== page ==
III. Purgatorio 21 and 22: Virgilian Poetics and Statius’ Two-fold Literary Conversion

If Inferno 5 illustrates how texts can kindle disordered passion or the love of earthly things at the expense of God, a second highly important conversion in the Commedia, that of Statius, shows that literary texts—particularly classical epic—can kindle poetic genius. Statius encounters the Aeneid and, deeply moved by Virgil’s poetry, is converted to the poetic vocation: 

The sparks that kindled the fire in me
came from the holy flame
from which more than a thousand have been lit—
I mean the Aeneid. When I wrote my poems
it was my mamma and my nurse.
Without it, I would not have weighed a dram.35

Statius describes the converting power of this text with the imagery of fire, a powerful symbol in the Commedia. The “holy flame” kindled by the Aeneid contrasts with the fire of passion that was “kindled” in Francesca’s heart by Amor and was further sparked by her reading of Lancelot.36 While Francesca’s reading of romantic literature aroused lustful cupidity, Statius’ reading of Virgilian poetry stimulates ingegno, the faculty for producing beautiful art.37 For him, the Aeneid plays a formative role, rousing creative, aesthetic activity.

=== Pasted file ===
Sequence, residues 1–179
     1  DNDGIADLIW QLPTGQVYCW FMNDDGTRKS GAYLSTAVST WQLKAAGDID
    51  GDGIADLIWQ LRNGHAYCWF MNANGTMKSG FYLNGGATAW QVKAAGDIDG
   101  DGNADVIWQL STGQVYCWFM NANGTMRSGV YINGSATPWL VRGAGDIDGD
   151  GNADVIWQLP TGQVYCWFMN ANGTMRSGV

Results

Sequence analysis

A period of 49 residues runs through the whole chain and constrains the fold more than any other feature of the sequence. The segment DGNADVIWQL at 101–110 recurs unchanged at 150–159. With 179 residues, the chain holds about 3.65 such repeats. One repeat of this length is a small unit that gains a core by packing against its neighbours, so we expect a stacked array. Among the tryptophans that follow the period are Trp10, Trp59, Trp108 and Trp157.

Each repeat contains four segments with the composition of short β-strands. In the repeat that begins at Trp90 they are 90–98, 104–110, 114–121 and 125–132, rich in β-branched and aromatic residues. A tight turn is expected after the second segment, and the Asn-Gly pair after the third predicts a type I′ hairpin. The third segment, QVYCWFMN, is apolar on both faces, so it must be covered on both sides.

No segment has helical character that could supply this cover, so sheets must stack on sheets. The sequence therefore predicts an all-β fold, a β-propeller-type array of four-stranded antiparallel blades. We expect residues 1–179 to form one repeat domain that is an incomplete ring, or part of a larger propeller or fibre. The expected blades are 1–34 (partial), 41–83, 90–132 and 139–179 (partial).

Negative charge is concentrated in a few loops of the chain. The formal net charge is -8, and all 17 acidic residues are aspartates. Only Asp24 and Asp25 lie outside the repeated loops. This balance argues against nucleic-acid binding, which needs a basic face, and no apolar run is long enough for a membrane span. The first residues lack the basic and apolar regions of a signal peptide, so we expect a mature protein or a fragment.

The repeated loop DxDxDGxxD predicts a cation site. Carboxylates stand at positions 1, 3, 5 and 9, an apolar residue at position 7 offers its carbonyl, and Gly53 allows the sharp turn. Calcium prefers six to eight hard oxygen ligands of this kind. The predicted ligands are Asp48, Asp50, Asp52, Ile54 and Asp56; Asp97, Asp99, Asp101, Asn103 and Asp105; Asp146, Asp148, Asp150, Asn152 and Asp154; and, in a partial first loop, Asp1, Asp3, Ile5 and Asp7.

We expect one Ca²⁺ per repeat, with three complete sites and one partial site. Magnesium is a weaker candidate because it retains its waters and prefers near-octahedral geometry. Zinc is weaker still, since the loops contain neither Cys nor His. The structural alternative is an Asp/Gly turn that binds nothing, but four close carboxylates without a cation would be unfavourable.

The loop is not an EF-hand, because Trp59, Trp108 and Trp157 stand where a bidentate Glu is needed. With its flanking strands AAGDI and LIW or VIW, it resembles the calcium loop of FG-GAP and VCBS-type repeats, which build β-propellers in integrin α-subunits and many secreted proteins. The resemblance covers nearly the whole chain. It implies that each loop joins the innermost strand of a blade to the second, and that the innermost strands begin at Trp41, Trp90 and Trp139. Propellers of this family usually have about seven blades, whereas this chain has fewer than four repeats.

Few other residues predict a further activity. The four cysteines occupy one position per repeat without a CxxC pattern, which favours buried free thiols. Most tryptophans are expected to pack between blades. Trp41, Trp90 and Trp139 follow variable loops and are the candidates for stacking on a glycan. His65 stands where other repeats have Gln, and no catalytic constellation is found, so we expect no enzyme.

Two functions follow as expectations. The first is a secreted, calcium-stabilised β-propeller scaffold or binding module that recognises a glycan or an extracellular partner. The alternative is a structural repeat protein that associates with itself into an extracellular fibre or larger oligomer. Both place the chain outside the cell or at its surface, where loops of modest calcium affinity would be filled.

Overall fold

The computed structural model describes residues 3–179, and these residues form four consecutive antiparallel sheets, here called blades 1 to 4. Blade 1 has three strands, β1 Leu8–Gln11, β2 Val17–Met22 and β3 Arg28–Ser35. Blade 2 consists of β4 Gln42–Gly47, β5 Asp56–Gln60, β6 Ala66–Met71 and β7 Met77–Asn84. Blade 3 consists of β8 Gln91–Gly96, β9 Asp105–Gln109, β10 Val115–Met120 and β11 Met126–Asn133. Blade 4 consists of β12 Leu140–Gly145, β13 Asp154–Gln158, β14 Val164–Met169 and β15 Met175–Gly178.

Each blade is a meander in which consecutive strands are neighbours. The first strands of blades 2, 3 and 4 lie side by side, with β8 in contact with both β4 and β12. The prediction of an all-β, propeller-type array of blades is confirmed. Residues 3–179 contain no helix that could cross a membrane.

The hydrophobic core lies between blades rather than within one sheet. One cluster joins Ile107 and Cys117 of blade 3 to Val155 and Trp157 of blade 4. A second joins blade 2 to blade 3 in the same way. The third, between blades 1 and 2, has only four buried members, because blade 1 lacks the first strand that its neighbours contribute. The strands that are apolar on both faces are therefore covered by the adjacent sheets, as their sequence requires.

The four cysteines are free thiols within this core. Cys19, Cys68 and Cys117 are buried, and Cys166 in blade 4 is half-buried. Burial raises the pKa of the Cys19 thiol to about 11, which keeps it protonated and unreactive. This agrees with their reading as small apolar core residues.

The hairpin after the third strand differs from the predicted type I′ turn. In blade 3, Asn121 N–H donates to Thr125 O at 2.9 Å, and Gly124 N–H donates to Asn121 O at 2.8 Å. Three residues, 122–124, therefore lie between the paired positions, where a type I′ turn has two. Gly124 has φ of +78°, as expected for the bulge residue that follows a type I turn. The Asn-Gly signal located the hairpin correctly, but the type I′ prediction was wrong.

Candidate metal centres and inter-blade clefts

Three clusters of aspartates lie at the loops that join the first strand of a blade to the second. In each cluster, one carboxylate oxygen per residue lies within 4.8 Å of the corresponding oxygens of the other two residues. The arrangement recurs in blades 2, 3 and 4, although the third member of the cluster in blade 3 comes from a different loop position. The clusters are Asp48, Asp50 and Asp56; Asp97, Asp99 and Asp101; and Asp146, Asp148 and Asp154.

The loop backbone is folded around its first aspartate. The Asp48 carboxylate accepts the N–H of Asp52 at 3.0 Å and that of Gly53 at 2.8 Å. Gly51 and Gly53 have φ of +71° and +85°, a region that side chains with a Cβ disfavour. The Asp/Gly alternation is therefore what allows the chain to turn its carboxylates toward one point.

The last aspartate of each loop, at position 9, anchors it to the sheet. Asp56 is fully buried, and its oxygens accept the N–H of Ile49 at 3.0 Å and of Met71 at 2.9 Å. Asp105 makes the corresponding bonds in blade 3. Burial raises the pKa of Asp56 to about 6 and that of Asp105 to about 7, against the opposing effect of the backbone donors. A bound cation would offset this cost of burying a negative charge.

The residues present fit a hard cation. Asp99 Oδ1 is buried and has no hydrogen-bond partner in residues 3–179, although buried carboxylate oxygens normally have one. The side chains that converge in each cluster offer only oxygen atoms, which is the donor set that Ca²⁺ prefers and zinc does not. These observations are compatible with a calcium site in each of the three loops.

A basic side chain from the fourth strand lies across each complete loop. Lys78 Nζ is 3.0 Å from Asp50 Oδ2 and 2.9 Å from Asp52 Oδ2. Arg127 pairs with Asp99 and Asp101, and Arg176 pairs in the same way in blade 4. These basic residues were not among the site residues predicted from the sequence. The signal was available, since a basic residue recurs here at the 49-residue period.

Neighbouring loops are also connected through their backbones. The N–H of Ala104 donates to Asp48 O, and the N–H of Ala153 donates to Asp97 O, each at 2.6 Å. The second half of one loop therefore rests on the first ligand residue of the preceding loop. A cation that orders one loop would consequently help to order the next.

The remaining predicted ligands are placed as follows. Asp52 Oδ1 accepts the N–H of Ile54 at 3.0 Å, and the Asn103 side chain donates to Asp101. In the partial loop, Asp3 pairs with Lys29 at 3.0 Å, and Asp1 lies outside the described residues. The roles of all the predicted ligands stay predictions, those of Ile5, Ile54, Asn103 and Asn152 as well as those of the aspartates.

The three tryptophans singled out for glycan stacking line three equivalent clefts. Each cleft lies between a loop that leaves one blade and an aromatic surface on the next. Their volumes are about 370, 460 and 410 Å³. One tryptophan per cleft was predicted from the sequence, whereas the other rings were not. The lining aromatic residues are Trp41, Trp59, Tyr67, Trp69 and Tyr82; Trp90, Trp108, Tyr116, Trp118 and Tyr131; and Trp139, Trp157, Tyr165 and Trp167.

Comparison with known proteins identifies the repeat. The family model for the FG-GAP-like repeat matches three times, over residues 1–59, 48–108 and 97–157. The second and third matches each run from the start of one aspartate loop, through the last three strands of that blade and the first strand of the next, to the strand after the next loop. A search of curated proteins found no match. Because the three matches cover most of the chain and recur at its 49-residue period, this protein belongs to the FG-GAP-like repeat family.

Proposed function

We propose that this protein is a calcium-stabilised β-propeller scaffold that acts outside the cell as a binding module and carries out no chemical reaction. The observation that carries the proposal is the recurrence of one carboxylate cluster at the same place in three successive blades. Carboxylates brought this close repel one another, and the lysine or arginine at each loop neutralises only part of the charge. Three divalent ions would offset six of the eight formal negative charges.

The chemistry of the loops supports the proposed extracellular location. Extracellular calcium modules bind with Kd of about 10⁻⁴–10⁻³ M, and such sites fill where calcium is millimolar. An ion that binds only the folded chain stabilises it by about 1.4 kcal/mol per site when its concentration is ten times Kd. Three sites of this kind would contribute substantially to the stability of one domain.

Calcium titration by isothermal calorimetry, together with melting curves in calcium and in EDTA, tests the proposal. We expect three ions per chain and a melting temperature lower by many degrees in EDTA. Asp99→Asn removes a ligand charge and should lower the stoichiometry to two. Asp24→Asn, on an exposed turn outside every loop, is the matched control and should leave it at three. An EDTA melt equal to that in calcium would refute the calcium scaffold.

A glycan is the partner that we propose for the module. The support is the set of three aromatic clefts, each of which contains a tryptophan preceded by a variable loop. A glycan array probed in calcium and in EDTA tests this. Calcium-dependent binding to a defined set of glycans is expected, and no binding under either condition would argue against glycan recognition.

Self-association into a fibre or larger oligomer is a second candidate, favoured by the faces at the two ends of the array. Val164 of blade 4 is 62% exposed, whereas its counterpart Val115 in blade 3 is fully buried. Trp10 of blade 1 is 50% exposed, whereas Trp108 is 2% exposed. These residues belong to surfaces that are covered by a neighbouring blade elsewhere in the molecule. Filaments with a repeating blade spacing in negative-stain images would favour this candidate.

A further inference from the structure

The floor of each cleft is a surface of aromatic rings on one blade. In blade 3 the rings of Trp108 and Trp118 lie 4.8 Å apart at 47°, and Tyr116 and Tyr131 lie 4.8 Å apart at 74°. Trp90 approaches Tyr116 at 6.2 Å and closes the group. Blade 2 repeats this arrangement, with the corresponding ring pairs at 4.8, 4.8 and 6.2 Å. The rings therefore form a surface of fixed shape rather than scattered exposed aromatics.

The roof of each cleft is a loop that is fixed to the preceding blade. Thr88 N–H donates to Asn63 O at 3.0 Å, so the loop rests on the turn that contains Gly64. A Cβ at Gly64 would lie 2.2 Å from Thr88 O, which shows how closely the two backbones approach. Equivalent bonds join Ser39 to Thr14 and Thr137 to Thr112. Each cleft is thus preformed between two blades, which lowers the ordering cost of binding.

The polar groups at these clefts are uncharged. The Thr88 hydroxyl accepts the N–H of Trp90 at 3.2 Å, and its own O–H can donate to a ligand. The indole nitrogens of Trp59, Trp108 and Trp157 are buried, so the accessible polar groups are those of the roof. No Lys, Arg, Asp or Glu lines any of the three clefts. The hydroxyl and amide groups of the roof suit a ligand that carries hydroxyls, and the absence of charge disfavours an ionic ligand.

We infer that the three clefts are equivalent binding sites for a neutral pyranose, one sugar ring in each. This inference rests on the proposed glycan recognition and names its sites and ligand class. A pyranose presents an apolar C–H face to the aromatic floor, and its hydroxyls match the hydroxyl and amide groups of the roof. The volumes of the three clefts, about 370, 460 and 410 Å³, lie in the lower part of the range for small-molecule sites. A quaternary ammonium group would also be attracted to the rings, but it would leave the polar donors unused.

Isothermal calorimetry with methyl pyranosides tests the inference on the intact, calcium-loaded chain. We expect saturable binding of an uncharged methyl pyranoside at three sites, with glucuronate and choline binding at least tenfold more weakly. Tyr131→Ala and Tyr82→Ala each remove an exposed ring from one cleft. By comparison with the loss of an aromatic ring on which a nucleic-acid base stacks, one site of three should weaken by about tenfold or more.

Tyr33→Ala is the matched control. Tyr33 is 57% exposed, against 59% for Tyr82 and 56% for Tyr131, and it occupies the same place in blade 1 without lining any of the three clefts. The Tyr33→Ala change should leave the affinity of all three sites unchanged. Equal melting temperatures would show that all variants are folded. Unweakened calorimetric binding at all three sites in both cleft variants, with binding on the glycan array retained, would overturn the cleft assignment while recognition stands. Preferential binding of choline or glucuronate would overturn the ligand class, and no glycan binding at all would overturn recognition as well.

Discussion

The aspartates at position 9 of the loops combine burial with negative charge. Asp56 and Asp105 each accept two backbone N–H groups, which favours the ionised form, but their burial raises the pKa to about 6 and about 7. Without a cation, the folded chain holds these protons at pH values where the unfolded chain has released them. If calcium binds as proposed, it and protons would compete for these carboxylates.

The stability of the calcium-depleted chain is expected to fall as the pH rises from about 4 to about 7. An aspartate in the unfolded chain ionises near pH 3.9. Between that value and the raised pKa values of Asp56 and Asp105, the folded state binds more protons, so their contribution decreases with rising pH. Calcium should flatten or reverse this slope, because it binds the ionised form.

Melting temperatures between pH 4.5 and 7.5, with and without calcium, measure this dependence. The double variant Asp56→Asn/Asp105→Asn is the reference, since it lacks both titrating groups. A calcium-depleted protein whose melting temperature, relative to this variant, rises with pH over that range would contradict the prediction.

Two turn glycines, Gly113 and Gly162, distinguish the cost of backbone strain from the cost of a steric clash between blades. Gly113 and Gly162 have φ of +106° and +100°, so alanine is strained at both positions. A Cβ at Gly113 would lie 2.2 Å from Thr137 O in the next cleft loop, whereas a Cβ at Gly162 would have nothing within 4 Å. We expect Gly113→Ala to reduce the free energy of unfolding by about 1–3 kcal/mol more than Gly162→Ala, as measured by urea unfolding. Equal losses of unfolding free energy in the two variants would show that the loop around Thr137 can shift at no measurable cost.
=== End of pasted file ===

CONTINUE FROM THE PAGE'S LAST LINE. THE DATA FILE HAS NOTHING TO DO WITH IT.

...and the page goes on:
From Statius’ claim about Virgil’s formative poetic influence, we can glean an important insight into how Dante himself interacted with Virgilian poetics, both as reader and author. “Statius’ reading of Virgil’s text mimics Dante’s own reading of that text,” as Simone Marchesi aptly observes.38 As the first canto 1 of the Commedia revealed, Dante’s “long study and great love” led him to delve deeply into Virgil’s volume, from which he derived “the noble style” that brought him honor.39 The story of Statius thus offers insight into Dante’s own education and formation through Virgilian epic. Like Statius’, Dante’s close reading of the Aeneid qualified him as an author and enabled him to write poetry, imitating the “noble style” of classical epic.